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AYŞE ERKMEN, Ketty and Assam, 2002. Room instillation with wood chips, podium, two tigers, room: 700 square meters. Courtesy of the artist and Rampa Gallery, Istanbul.

Love the Future

Also available in:  Chinese  Arabic

The first half of 2011 has been nothing less than precarious. From the protests that are sweeping through the Arab world with varying degrees of optimism and progress to the devastating earthquakes that hit New Zealand and Japan, in the past four months the global status quo has been turned on its head.

More recently, there was the Chinese government’s unexplained detention of artist and social critic Ai Weiwei, which many suspect was prompted by the revolutions in West Asia. Thanks to instantaneous news feeds on the internet, the world has been quick to respond. But the challenge now seems to be how not to forget those in need while attempting to move forward with the concerns of one’s own daily life. These events should remind us of the fragility of life and social stability, and inspire us to honor the dead as well as those who continue to strive against human injustices in order to build a better, safer world for all of us. So, as the international contemporary art world gears up for the fair- and festival-filled calendar in May and June—from Art HK to the 54th Venice Biennale—this issue of ArtAsiaPacific focuses on visionary artists participating in this season’s megaexhibitions, all of whom examine the rationales, structures and histories that underlie the world as we think we know it, as well as those directly involved in the complex developments taking place in the region. 

Anticipating the Venice Biennale, from Turkey, editor-at-large HG Masters considers the site-specific installations of Ayşe Erkmen. As the Istanbul-born artist prepares to reinvent the interior of the Turkey Pavilion, Erkmen insists all aspects of her practice have to be driven by necessity and purpose in addition to the history and context of where she exhibits. In Sydney, contributing editor Olivier Krischer considers the use of sculptural casts in the illusionistic works of Hany Armanious, the Egyptian-born artist who will represent Australia. Krischer considers how Armanious’ works recast commonplace objects in materials that are entirely different from the originals—be it mud, plaster, polyurethane or pewter—to create “quasimagical possibilities” that have influenced a younger generation of Australian colleagues. Representing Singapore, video artist and filmmaker Ho Tzu Nyen talks to AAP Almanac contributor Darryl Wee about his collaborations with experimental musicians such as Oren Ambarchi, and his interest in creating discursive ruminations on lesser-known histories, particularly the myths embedded in the founding of his country. Also examining the act of storytelling is Sung Hwan Kim, who talks to managing editor Ashley Rawlings as he prepares for his solo exhibitions at the Kunsthalle Basel in Switzerland and Tate Modern in London. Kim’s practice, which incorporates video, drawing, installation and performance, weaves truth and fiction together with poetry, music and personal memories in dark explorations of narrative and the warping of information.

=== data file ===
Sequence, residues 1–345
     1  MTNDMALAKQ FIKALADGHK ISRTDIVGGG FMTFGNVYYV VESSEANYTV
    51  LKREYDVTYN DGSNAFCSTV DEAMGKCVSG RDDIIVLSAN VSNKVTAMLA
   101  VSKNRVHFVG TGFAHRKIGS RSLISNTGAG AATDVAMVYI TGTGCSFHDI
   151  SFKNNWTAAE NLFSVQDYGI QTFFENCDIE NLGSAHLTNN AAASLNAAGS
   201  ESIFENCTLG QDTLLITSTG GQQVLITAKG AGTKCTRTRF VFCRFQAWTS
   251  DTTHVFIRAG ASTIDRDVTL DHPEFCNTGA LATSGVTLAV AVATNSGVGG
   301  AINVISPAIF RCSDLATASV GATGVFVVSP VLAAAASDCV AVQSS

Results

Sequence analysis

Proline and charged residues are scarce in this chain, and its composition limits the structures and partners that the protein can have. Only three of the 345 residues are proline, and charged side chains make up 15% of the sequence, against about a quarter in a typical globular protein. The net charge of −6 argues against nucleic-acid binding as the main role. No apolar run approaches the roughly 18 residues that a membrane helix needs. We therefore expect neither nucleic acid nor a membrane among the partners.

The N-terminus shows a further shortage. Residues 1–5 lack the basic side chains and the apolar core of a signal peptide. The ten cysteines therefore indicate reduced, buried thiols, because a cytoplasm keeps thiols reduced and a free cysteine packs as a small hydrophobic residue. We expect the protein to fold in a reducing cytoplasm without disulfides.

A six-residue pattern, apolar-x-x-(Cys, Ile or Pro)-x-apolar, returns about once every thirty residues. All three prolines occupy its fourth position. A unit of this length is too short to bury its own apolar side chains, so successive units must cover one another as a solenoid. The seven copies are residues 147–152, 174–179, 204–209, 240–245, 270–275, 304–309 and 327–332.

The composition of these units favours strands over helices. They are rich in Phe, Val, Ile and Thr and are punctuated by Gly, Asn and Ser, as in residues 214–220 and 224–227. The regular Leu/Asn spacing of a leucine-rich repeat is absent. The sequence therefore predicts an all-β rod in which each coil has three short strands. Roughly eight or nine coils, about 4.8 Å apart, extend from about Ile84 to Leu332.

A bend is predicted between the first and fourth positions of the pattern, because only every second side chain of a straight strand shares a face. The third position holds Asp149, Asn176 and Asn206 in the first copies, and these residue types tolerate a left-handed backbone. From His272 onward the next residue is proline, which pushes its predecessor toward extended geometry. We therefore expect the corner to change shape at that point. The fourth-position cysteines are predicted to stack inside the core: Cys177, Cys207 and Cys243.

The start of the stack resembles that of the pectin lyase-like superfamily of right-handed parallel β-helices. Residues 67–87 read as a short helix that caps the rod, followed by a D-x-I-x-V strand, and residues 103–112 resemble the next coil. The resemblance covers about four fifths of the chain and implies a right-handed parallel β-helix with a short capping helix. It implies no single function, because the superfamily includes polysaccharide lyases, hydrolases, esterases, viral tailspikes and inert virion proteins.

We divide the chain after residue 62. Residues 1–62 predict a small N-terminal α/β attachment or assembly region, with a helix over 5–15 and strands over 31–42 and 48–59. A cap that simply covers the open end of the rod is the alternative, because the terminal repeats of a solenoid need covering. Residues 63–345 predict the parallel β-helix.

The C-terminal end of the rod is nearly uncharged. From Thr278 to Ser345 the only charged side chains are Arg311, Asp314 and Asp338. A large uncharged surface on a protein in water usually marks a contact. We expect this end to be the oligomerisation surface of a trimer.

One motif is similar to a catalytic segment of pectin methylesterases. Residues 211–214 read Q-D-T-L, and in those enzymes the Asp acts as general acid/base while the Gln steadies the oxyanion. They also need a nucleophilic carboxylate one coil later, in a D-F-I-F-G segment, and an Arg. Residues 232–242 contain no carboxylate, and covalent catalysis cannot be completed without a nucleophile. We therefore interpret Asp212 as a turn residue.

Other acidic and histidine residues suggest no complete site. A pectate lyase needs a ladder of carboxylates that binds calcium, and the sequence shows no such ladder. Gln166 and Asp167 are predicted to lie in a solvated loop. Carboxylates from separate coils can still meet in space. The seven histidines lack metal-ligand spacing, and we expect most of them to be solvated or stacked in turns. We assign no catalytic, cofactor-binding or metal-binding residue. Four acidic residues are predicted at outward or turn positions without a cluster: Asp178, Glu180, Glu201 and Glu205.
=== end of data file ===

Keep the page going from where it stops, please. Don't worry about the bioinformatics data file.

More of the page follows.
Among profiles, our West and Central Asia editor Sara Raza speaks with multimedia artist Tamara Kvesitadze, exhibiting in the Georgia Pavilion, while Georgy Mamedov, director of the Bactria Cultural Center in Dushanbe, Tajikistan, who is co-curating this year’s Central Asia Pavilion, talks to AAP about the challenges of presenting artwork from a little-known region to an international audience. 

In Essays, reviews editor William Pym lingers on a paradoxical call for freedom in Adel Abidin’s simple yet poignant video, Jihad. Following the India Art Summit in February, Jyoti Dhar ponders how the country’s art market and burgeoning nonprofit spaces might generate new ways to create and discuss art. From Cairo, artist Mohamed Abdelkarim offers a different view of Egypt’s recent revolution through a personal tribute to his peer, Ahmed Basiony, a much-loved experimental artist who was killed during the Egyptian revolution in January. 

Also meditating on the work of a respected peer, from France, painter Yan Pei-Ming writes a thoughtful appraisal of the work of Gu Dexin, while in Questionnaire Michael Joo tells us how he uses the internet and what he considers to be the phrase most overused when people describe his artwork. For The Point, Andrew Cohen raises some thorny issues that surround the recent auction of works from the Ullens collection of contemporary Chinese art. In Reviews, Isabella Ellaheh Hughes looks for the connecting threads that run through this year’s Sharjah Biennial, while senior editor Don J. Cohn probes three books that reassert the legacies of Asian artists in the annals of 20th-century art history. 

Finally, in The Last Word, Tokyo-based Edan Corkill reflects on the immediate impact that the magnitude 9.0 Tohoku-Kanto Earthquake had on the Japan’s visual arts community. In moments when we cannot make sense of rapid, often unexpected changes, we might consider what artist Tsuyoshi Ozawa tweeted to the world on March 18, quoting one of Japan’s greatest 20th-century artists: “If Taro Okamoto were alive now, this is what he’d say: ‘Despair completely, and cry. Then be born again anew. Live anew.’”

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ABHKARNDTSCAF Mikhael Subotzky